As a mom, Valentine's Day can sometimes feel a bit obligatory and insignificant. In fact, the only way I'd even remember it exists is because of all the cheesy social media posts — you know exactly which ones I'm talking about — and of course, the drug store aisles filled with rows of fake roses, bad chocolate, and stuffed animals. This part of V-Day, I'm not a fan of, but I am a fan of love — all kinds — and as a mom, I have lots. Honestly, what moms really think about Valentine's Day isn't that complicated — it's just so much more now.
I still remember the best Valentine's Day gift I ever got was from my Dad when I was 7 years old — a porcelain doll in a pink frilly dress and matching bow. It made me feel special and loved and seen, and it meant something to me that he thought of me, too, and not just my mom. It wasn't just about the doll; it was about the gesture. The fact that I had recently developed an interest in porcelain dolls and had begun to collect them and he remembered. I immediately felt just how special and important to him I was.
Fast forward to adulthood and motherhood where Valentine's Day has turned into something quite different entirely. When you're a mom, Valentine's Day is about getting the kids to school on time, asking yourself if you should plan something special (and then you can't because you get caught up at work), and trying to find time to fill out a thousand fiddly Valentine's Day cards for their classmates while ignoring the never-ending laundry. It's about counting down the hours until bedtime because you just want to enjoy a glass of wine or eat food that's still warm without being interrupted — food that's not mac and cheese or shaped like a dinosaur. (Oh, except now you feel guilty because you probably should've cut those dinosaurs into heart shapes and at least dressed your kid in a red sweater.) It's about celebrating the 50% off chocolate on Feb. 15, and then feeling terrible after eating the entire box. I'm making it official: Mom-Valentine's-Day is a thing.
When I started writing this piece, I was convinced I'd approach the idea of Valentine's Day by attacking all the Hallmark clichés while talking about my divorce and dating fiascos. But that's not what Valentine's Day is about to me anymore, and that's not what love is about. Yes, Valentine's Day is about love, but that doesn't mean just romantic love. Mom-Valentine's-Day is about a lot more than that — it is the unfolded laundry that's been sitting on top of your dryer for a week. It's the fact that you're never able to actually drink your coffee warm — literally ever. It's the sticky paint-stained fingers making you a Valentine's Day card that'll fall off the fridge every time you open it for a snack. Those things are the ultimate, beautiful signs of love. They are proof that moms lovingly put others before themselves, and they wouldn't have it any other way. They're also proof of your own heart walking outside of your body — and how you'd do literally anything to protect them.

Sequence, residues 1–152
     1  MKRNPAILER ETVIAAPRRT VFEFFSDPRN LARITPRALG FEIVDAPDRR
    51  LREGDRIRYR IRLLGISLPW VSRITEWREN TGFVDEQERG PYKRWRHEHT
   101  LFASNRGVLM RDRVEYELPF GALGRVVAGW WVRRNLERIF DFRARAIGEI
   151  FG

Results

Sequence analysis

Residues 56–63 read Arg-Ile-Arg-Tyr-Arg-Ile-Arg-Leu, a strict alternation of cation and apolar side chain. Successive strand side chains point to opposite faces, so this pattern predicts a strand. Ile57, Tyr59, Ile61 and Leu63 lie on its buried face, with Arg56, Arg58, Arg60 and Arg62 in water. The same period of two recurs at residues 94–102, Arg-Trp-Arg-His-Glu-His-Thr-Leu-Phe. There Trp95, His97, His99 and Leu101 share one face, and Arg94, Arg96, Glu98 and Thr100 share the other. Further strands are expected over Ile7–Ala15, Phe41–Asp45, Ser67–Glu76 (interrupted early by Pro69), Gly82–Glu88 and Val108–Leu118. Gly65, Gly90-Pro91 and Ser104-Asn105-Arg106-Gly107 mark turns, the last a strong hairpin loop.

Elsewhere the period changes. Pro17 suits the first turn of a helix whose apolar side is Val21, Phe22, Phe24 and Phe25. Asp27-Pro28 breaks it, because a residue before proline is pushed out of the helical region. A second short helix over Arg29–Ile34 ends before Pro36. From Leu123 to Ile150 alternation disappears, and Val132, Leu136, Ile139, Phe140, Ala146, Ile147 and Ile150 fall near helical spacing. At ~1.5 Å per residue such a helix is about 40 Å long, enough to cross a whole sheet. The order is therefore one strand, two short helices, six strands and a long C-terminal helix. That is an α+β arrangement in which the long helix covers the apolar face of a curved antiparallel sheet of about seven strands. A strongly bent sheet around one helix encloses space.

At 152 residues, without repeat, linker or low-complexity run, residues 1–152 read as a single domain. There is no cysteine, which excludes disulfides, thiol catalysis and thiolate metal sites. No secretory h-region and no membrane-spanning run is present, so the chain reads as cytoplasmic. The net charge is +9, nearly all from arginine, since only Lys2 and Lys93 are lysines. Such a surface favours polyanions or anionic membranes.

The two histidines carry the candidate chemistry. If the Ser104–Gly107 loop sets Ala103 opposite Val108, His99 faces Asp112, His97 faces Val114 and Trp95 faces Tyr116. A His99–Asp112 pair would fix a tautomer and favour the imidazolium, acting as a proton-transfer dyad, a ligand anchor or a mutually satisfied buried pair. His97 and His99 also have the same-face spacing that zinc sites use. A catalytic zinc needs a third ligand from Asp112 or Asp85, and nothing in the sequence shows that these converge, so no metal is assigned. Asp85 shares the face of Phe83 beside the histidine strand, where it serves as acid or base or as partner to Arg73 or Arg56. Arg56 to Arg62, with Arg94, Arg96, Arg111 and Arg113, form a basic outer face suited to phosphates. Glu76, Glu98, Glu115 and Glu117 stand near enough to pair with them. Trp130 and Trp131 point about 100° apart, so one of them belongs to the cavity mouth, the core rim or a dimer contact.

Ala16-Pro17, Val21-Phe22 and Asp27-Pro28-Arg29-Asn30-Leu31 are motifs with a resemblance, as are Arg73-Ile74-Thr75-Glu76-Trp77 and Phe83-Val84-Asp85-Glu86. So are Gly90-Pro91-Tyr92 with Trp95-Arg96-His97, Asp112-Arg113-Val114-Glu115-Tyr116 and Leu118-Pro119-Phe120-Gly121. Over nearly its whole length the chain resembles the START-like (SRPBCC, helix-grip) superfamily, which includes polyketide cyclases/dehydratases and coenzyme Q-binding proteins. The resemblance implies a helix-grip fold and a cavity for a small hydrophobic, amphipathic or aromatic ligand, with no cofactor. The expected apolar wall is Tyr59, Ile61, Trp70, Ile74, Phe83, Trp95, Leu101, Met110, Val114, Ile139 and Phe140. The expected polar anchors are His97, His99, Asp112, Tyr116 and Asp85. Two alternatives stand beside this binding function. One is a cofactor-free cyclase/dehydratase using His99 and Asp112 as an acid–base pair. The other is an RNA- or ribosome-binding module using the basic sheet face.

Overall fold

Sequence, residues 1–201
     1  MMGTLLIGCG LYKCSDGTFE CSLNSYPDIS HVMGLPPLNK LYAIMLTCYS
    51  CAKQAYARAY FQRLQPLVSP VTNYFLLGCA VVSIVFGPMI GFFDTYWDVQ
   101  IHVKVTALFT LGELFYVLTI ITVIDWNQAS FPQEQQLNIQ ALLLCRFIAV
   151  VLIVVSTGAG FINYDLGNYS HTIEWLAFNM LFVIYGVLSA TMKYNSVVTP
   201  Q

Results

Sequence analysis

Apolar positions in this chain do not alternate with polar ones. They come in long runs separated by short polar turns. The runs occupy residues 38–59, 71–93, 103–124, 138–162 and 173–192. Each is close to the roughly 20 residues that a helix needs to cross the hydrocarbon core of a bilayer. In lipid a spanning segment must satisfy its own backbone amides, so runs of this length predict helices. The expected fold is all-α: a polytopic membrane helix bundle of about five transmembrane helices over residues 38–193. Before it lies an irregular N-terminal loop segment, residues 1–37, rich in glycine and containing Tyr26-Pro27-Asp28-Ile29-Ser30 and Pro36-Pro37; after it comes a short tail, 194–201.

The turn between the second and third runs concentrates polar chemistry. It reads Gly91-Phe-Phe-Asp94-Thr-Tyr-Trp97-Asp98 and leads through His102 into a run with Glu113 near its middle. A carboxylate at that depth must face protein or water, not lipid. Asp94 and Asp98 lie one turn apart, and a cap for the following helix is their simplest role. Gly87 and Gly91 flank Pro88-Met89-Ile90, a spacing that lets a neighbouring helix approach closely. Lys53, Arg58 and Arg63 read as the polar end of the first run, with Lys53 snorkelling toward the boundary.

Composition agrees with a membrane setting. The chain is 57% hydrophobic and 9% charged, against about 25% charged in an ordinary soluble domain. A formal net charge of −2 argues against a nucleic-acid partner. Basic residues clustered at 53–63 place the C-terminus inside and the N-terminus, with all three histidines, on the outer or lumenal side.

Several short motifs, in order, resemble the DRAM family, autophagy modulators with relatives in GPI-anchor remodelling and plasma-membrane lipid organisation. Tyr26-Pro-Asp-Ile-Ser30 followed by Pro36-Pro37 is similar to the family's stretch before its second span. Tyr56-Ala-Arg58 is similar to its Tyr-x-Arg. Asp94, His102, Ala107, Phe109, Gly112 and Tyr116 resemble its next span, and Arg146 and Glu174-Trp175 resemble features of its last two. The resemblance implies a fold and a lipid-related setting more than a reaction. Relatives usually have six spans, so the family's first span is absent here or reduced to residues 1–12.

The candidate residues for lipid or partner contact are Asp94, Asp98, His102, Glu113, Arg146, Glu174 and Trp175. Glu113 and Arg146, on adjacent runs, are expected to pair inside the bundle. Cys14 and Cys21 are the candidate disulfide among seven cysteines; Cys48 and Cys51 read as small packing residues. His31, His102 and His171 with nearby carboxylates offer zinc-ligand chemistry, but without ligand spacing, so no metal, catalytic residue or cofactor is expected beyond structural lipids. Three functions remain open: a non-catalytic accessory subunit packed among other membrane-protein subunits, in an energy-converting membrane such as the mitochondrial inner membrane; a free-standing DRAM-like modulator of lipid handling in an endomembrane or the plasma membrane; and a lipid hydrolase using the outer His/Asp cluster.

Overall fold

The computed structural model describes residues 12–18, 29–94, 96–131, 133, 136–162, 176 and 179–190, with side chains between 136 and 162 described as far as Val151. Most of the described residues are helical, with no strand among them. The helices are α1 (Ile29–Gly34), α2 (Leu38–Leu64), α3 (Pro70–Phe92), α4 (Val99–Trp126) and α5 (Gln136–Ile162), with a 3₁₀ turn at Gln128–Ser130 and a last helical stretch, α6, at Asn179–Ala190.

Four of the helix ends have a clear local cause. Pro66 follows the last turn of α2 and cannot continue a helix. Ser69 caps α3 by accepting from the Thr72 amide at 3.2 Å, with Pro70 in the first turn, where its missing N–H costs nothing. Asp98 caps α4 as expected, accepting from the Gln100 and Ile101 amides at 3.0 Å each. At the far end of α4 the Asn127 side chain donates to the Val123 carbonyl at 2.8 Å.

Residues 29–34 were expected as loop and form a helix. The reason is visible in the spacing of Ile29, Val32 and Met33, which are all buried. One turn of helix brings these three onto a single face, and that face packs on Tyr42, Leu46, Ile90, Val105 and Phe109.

Valentine's Day isn't about buying a million cards and roses because that's what you're told to do — as a mom, it's about the little things that keep love alive. If I can spend hours each day on social media, I can spend a few moments each day appreciating all the love I have in my life. Especially with my little boy. I want to think of creative ways to make my loved ones feel special and seen, no matter how small the gesture is — it's what I do every day as a mom, and it's how I plan to raise kind and loving humans.
So what does Valentine's Day mean to moms? It's a time to appreciate all the love we're capable of giving to others, and yes, also to ourselves. It's staying up to do the little cards for your kids' class, because you know how excited they are. It's finding their favorite candy, making breakfast into heart shapes, and giving them some extra kisses on their way out the door, even if you're running late. It's about the little things that make moms feel loved, appreciated, and seen. It's about giving your kids a memory like the one I have of my dad that Valentine's Day. It's all about the things you do everyday — except now you have an excuse to cover all those little things in lace and chocolate.